One of the protocols that I in particular have been watching closely is the use of Atom messages as a mechanism for performing RESTful operations. Atom is used in syndication, providing both publishing metadata (date-time published, author, source, abstract) and categorization information for either feeds or entries within feeds (which in turn can be thought of as a collection and the associated documents within that collection). The Atom Publishing Protocol (also known as AtomPub) is a very REST-centric approach that works well in a variety of circumstances. What's more other transport protocols such as XMPP can be used to carry Atom messages within them.
However, for all of that, the dominant REST-based system is HTTP, and thus a REST-based XQuery enabled system (such as the eXist XML database, MarkLogic's XML Server, or the IBM Syndication Server) also provides a powerful tool for working with such atomic XML "state bundles". Most XRX systems are built with server response/request objects in mind.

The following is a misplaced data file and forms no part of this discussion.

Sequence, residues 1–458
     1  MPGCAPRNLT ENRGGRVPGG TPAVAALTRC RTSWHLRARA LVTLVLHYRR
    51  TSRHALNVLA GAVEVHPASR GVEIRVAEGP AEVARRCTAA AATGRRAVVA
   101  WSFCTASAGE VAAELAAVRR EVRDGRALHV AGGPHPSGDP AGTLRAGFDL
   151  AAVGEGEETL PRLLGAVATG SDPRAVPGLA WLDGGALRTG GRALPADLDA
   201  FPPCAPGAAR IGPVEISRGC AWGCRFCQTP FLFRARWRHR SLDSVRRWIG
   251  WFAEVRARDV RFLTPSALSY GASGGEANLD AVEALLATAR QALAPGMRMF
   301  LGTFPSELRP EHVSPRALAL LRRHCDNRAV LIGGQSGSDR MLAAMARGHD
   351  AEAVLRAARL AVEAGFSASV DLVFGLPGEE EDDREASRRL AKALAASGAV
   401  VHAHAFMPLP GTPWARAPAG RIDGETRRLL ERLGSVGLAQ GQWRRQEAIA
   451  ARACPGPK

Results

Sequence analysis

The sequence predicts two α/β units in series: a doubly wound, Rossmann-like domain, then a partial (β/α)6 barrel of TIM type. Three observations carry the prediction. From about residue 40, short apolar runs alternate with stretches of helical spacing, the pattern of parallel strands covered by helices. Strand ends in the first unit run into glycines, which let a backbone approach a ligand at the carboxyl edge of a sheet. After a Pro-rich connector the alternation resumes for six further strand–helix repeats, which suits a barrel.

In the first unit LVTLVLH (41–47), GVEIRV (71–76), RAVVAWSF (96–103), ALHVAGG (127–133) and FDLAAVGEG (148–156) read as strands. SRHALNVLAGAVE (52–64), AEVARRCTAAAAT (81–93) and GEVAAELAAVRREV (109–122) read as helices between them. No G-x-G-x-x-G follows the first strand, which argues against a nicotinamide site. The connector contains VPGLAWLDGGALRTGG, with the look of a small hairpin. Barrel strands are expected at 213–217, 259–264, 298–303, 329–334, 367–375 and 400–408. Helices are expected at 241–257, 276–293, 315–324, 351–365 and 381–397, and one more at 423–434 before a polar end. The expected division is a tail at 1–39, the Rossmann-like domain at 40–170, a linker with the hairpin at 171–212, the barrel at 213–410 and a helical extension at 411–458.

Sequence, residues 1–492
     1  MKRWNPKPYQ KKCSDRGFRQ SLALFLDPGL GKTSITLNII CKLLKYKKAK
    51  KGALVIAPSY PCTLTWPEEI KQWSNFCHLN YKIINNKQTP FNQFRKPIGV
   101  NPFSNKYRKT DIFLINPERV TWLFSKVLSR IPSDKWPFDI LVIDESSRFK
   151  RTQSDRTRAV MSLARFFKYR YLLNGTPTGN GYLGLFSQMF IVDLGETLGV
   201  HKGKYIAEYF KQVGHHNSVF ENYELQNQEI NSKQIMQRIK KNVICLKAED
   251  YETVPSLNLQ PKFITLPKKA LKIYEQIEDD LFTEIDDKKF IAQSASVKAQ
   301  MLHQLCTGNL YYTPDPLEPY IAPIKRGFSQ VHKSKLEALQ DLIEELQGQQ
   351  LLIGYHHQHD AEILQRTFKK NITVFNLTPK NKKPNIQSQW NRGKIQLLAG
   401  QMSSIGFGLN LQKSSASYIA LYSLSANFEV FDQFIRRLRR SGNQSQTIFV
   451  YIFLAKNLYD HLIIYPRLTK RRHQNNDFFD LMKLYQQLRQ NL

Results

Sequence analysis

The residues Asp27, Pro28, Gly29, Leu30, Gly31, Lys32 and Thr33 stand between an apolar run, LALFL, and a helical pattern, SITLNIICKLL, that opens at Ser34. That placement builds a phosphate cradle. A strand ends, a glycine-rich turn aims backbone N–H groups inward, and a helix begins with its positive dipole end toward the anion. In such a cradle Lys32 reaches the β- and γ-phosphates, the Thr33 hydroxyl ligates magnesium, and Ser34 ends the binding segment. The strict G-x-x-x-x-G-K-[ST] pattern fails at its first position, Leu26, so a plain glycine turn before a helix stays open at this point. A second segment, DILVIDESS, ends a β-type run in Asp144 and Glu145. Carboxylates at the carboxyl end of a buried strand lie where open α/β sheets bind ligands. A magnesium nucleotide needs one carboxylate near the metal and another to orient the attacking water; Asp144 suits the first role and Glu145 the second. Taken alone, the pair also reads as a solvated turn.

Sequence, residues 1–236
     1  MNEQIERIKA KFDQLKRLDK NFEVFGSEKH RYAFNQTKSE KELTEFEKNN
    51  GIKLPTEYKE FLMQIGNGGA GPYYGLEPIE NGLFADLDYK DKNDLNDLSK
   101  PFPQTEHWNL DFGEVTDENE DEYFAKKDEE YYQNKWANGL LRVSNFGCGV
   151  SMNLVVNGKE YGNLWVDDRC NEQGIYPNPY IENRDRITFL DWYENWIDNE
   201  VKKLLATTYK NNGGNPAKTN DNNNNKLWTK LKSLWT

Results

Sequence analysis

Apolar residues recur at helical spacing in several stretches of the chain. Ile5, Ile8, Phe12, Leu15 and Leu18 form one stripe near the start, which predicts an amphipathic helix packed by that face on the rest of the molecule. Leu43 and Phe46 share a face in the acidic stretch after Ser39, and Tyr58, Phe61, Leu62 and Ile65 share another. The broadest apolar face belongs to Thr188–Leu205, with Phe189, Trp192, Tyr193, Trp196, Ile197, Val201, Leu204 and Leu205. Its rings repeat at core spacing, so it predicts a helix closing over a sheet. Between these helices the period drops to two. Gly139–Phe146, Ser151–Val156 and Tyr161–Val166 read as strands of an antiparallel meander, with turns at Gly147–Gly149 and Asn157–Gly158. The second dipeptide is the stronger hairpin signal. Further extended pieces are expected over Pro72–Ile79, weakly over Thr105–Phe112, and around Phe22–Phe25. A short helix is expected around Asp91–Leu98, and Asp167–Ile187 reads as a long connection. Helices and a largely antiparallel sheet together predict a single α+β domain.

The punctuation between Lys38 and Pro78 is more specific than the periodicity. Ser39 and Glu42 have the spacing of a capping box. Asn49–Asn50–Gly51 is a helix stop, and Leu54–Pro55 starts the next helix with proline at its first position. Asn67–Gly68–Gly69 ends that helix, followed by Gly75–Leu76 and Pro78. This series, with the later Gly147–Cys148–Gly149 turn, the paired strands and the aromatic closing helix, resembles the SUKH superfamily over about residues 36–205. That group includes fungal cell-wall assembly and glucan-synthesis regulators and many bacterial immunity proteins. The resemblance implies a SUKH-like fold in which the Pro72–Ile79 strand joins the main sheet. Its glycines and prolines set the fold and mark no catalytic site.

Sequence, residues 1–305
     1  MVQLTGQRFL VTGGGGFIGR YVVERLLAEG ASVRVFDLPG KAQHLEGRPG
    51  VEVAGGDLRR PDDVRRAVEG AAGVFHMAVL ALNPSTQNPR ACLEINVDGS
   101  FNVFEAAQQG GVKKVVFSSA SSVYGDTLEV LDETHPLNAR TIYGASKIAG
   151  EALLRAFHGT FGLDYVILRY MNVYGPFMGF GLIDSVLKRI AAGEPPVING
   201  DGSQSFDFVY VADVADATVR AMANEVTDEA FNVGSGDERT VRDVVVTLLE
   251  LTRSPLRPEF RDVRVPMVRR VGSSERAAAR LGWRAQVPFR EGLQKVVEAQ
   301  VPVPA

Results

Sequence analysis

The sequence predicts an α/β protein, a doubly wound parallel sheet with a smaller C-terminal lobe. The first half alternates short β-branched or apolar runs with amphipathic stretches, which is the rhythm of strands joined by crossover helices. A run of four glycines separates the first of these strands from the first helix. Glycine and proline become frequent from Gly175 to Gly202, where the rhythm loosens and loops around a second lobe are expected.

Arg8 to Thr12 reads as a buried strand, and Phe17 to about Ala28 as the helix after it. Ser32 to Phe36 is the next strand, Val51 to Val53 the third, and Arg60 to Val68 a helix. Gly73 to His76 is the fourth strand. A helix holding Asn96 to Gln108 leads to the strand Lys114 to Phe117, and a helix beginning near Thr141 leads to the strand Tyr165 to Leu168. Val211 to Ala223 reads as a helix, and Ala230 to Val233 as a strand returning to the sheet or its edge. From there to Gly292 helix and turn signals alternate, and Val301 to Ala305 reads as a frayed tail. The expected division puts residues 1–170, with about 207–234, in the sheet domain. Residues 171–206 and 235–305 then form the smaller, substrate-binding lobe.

The final piece of XRX is one that I've had to think about for some time. Originally, that X stood for XForms, and I still believe that XForms represents one of the best mechanisms for dealing with state changes on the client in order to maintain consistency of the model, but of late I've also begun realizing that its probably more accurate to speak of the second X as "XML-Enabled Client" and leave it at that. What does such a mouthful mean? At its simplest, it indicates that the client is capable of working with XML as a distinct entity without having to decompose it into properties that makes it impossible to reconstruct back into a cohesive XML structure (again, assuming XML is the data carrier here).